In today’s ever-changing business and economic climate, organizations may be increasingly likely to look toward unconventional methods of change to obtain results and achieve their goals. One way in which organizations can attempt to create major change is through the use of stretch goals. Stretch goals are goals that are essentially viewed as impossible, at least for a particular organization at the time that the goal is set. When used most effectively, a stretch goal forces an organization’s employees to be creative, question the status quo, and find new ways to address challenges.
While stretch goals are often thought to be effective in a variety of scenarios, a new paper by Sim Sitkin and colleagues questions this notion. Specifically, they propose a model that explains how both the likelihood of using stretch goals, and the potential for success in using such goals, might be linked to recent organizational performance and the presence (or absence) of slack (extra) resources in the organization.
THE RESEARCH STUDY
The researchers conclude that the organizations that are most likely to use stretch goals are also those that are least likely to reap the benefits of such goals. More specifically, organizations with poor recent performance and a lack of slack resources may be likely to attempt to use stretch goals in a dramatic attempt to turn things around; however, the researchers argue that the very conditions that cause such organizations to turn to stretch goals make it likely that negative outcomes will accompany the use of stretch goals (that is, there will be few to no improvements in organizational learning or performance).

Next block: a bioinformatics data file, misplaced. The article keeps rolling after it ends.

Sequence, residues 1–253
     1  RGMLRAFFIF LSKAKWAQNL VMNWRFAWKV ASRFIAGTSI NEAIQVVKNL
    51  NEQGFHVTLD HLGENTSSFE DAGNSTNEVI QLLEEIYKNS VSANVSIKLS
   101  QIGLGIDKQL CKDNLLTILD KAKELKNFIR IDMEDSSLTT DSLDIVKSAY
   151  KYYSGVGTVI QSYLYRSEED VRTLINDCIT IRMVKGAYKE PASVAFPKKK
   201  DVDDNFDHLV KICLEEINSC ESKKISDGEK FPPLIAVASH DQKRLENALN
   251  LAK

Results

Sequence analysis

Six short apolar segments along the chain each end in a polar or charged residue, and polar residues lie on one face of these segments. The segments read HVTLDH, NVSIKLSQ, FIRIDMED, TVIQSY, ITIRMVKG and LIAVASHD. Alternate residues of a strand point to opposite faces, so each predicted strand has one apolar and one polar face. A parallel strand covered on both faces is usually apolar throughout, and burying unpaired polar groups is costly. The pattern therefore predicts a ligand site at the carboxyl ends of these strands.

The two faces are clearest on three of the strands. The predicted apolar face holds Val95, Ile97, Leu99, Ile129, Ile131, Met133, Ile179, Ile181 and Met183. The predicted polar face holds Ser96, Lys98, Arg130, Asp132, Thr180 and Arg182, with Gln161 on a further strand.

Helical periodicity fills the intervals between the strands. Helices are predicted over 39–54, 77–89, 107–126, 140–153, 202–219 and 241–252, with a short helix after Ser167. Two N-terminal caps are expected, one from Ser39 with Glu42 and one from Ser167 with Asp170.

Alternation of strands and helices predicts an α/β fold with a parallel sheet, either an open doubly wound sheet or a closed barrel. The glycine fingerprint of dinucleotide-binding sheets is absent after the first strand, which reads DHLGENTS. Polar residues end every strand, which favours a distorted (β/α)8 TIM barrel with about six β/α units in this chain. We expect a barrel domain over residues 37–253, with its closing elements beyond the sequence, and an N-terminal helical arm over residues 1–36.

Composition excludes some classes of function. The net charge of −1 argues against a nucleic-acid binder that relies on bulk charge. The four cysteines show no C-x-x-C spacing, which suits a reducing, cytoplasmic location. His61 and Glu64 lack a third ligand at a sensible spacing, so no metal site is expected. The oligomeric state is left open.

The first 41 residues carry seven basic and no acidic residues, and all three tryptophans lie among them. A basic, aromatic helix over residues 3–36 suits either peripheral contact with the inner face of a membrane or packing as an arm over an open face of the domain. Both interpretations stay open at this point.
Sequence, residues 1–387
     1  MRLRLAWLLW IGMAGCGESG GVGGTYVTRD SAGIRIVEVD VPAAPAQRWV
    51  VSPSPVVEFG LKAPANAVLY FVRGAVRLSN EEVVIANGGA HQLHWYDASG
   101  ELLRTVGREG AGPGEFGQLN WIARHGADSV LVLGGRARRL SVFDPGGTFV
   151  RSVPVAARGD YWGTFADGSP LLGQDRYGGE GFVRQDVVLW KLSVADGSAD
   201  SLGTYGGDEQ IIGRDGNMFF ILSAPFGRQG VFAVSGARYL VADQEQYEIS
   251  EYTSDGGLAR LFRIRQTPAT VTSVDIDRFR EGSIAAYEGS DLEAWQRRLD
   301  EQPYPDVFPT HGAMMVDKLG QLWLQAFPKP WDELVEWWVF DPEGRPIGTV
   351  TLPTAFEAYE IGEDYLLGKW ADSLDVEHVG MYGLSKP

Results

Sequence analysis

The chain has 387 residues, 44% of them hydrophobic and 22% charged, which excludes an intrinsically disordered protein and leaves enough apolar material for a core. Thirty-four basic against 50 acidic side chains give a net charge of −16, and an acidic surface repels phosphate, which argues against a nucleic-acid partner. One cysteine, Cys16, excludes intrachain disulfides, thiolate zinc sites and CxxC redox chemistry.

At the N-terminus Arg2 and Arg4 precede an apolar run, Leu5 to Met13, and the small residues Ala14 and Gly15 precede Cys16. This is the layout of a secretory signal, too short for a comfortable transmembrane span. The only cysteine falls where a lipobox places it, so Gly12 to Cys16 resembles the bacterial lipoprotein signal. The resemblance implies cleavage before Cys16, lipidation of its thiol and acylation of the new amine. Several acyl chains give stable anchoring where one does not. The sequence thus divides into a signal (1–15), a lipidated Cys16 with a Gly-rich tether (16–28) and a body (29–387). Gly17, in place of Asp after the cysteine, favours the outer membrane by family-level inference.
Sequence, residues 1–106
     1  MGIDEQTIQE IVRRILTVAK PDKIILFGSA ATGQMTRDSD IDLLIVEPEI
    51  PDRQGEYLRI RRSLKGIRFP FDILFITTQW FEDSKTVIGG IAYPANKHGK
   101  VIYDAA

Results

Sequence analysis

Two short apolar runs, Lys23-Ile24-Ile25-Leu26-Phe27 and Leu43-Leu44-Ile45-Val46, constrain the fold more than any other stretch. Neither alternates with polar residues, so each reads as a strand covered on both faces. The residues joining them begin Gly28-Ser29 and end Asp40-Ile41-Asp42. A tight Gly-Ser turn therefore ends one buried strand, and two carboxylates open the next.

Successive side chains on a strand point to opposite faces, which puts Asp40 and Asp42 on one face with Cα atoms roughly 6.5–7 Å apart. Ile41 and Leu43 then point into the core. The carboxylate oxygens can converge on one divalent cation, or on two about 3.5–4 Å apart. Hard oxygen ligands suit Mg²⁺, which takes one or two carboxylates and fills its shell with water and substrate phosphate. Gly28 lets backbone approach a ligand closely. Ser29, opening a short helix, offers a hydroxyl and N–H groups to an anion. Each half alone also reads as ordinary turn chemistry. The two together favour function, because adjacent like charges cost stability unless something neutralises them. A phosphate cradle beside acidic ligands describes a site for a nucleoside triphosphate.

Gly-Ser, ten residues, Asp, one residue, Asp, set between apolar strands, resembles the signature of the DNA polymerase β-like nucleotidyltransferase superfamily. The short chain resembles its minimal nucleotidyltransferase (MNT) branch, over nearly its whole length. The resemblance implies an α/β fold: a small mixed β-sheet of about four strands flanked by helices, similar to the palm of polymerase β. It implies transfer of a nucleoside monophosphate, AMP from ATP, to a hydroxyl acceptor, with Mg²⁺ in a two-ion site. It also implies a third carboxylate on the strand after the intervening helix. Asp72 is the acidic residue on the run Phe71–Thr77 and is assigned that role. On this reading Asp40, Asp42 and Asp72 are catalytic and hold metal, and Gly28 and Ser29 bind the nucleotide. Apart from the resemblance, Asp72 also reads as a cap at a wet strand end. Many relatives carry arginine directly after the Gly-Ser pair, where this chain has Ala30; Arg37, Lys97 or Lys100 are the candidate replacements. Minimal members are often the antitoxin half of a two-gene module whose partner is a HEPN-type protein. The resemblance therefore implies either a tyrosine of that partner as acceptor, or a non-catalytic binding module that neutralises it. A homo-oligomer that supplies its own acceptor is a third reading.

Conversely, the researchers also posit that the organizations that are least likely to use stretch goals are often those that are in the best position to benefit from them. Organizations that have slack resources available and a recent history of good performance stand the best chance of benefiting from the use of stretch goals; however, the conditions that make these positive outcomes likely also minimize the chance that an organization will take the risks associated with using stretch goals. If an organization is experiencing success, high-risk attempts at change, like stretch goals, are unlikely.
THE BOTTOM LINE FOR ORGANIZATIONS
While more testing of this model is needed, it provides an initial caution to practitioners and managers that stretch goals may not always be an effective cure for organizational ills. In particular, the current pattern of stretch goal use may need to be reconsidered, with poorly-performing organizations utilizing methods of change other than stretch goals, and successful organizations being more willing to take the plunge and use stretch goals to make further advancements.
Sitkin, S. B., See, K. E., Miller, C. C., Lawless, M. W., & Carton, A. M. (2011). The paradox of stretch goals: Organizations in pursuit of the seemingly impossible. Academy of Management Review, 36, 544-566.
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